This subproject is one of many research subprojects utilizing the resources provided by a Center grant funded by NIH/NCRR. Primary support for the subproject and the subproject's principal investigator may have been provided by other sources, including other NIH sources. The Total Cost listed for the subproject likely represents the estimated amount of Center infrastructure utilized by the subproject, not direct funding provided by the NCRR grant to the subproject or subproject staff. The clam Scapharca inaequivalvis possesses two hemoglobins that represent exceptional model systems for the investigation of protein allostery. Both hemoglobins bind oxygen cooperatively using a structural mechanism that is very different from the more well studied human hemoglobin. The dimeric hemoglobin termed HbI is the simplest possible model system for allostery with two identical subunits. Time-resolved crystallographic analysis of this hemoglobin provided for the first time a preliminary structural description of allosteric changes in real time (Knapp et. al. 2006 PNAS 103 7649-7654). Despite the overall success of these experiments a major drawback was the very high level of geminate rebinding in the crystal which substantially reduced the signal during the allosteric transition. Our analysis of ligand migration including time-resolved crystallographic experiments solution experiments and computational analysis (Knapp et al. 2009 Structure 17 in press) strongly suggests the crystal lattice restricts ligand exit by damping transient subunit rotations that are required for exit through a distal histidine gate. These experiments also revealed a potential alternate exit route through a """"""""back door"""""""" channel. We are producing mutants that will allow ligands to exit through this back door within the tight confines of the crystal lattice. One of these has already been shown by optical experiments to reduce geminate rebinding in crystals. We propose to use such mutants with the substantially upgraded BioCARS beamline 14-IDB to obtain significantly improved understanding of the progression of structural events that underlie cooperative oxygen binding. This will for instance allow us to define leading and lagging components of the structural transitions to identify those structural events that trigger later events. Moreover we intend to use allosteric mutants to elucidate protein relaxation in alternate T and R states and to dissect individual structural components of the allosteric transition. The tetrameric hemoglobin termed HbII is formed from two heterodimers each of which has a similar assembly to that of HbI. The presence of two different subunits will permit investigation of how one subunit impacts a second subunit which is not possible in the two-fold symmetric HbI. Therefore we propose to use time-resolved x-ray diffraction experiments to elucidate the kinetic structural pathway in the tetrameric HbII and specific mutants of HbII. Mutants will allow us to separate out the effects of one subunit type on the second subunit either by altering the geminate recombination properties or by locking one subunit in a high affinity or low affinity state. Like HbI but unlike human hemoglobin we have recently shown that Scapharca HbII crystals can undergo the full allosteric transition within crystals. As a result this system is well suited for time-resolved crystallographic experiments of allosteric protein function. Allosteric transition will be triggered by laser photolysis of CO-liganded hemoglobin crystals. At various time points ranging from 100 picoseconds to 100 microseconds diffraction data will be collected by Laue methods. The structures obtained at these time points will reveal the kinetic pathways as the protein undergoes its allosteric transition from the liganded to the unliganded form.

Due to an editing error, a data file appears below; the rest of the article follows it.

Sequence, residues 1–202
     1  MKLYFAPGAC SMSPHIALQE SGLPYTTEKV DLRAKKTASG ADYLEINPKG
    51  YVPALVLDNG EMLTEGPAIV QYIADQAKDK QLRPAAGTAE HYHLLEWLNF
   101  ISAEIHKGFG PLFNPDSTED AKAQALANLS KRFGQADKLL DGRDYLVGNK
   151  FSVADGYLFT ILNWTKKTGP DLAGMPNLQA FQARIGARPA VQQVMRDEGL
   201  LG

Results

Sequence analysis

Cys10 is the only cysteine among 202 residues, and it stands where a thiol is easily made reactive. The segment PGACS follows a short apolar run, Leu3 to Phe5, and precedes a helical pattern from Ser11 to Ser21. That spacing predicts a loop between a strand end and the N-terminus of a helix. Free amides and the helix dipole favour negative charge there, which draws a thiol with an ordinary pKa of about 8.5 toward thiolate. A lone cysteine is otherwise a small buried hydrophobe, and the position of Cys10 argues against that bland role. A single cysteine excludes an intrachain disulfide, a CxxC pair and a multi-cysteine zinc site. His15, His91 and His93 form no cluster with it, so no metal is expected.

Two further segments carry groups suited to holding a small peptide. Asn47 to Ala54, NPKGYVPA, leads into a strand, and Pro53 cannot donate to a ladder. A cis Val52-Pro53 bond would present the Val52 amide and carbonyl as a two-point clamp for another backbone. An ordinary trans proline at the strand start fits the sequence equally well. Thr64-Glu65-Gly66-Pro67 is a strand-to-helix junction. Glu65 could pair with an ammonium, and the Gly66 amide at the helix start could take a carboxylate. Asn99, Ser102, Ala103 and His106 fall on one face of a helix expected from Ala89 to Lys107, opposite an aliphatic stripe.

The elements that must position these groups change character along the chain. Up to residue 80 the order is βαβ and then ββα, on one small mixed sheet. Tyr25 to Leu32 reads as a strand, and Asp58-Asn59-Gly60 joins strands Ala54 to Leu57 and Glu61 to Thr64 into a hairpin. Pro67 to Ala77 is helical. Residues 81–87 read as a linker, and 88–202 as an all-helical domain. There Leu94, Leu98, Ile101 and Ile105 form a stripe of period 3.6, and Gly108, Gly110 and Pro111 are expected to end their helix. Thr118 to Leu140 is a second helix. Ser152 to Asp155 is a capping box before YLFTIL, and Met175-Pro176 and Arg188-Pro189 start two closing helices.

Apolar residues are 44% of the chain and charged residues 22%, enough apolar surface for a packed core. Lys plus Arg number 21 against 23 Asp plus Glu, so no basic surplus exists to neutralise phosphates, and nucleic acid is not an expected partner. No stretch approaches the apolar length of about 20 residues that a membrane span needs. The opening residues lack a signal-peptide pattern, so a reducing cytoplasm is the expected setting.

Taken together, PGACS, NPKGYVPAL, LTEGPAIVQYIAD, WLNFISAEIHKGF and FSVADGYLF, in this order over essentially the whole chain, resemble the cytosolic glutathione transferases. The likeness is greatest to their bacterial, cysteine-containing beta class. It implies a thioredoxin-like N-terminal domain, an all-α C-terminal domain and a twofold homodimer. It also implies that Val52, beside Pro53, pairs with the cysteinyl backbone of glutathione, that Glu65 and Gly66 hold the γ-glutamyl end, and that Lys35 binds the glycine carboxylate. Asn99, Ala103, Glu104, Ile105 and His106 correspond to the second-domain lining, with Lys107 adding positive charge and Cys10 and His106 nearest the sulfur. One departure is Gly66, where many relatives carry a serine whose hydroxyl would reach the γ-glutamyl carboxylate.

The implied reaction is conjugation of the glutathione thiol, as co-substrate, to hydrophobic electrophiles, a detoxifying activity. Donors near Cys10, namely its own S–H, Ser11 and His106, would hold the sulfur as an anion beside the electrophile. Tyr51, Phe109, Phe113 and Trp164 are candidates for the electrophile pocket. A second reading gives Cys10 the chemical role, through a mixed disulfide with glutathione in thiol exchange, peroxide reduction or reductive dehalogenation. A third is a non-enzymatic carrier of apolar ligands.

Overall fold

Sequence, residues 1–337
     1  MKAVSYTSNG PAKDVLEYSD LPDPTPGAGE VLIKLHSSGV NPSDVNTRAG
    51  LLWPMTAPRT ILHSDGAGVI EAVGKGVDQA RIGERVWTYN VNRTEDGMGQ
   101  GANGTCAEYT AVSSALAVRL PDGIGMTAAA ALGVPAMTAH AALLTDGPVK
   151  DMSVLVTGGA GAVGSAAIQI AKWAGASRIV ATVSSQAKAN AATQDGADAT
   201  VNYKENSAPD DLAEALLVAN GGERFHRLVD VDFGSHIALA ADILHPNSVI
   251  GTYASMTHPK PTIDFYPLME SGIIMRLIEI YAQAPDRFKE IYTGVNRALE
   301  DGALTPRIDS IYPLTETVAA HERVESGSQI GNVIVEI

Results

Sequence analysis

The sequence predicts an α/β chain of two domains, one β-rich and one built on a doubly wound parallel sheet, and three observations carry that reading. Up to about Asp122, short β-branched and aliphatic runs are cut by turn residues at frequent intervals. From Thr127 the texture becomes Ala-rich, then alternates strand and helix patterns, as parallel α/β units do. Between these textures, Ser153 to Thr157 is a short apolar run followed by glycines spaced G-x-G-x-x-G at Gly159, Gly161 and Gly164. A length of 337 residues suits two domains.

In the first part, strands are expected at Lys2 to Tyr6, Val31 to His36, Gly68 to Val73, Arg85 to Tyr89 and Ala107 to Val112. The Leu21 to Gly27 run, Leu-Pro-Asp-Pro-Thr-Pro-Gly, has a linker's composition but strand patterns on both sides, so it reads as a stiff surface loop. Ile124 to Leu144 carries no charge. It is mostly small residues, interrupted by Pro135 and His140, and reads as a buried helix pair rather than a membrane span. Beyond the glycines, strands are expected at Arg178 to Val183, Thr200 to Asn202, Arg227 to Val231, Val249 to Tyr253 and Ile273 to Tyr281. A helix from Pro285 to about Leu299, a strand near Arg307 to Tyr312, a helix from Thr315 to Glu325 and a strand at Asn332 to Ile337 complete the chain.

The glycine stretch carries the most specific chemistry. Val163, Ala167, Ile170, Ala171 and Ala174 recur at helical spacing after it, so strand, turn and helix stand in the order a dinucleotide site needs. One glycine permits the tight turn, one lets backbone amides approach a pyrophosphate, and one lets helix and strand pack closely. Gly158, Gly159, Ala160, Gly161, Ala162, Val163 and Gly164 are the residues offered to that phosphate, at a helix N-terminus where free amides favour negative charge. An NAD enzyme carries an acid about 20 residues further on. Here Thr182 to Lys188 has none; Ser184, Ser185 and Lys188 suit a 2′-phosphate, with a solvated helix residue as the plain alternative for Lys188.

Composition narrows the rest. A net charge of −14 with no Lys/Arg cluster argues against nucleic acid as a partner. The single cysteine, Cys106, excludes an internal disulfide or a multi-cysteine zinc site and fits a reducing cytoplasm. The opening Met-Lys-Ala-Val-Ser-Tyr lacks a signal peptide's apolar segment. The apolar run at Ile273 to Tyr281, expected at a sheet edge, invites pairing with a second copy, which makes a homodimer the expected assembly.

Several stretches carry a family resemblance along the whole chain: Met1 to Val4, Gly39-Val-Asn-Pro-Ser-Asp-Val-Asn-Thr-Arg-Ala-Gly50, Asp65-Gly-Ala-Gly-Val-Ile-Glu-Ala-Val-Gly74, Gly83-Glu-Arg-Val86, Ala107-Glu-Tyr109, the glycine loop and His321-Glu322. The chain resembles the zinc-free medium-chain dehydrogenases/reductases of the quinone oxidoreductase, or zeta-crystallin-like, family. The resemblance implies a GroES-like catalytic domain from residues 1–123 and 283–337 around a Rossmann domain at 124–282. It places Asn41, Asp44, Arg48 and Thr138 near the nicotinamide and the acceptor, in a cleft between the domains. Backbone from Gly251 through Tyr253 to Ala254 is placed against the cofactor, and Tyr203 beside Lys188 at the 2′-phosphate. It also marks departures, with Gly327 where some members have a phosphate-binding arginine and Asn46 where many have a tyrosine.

National Institute of Health (NIH)
National Center for Research Resources (NCRR)
Biotechnology Resource Grants (P41)
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University of Chicago
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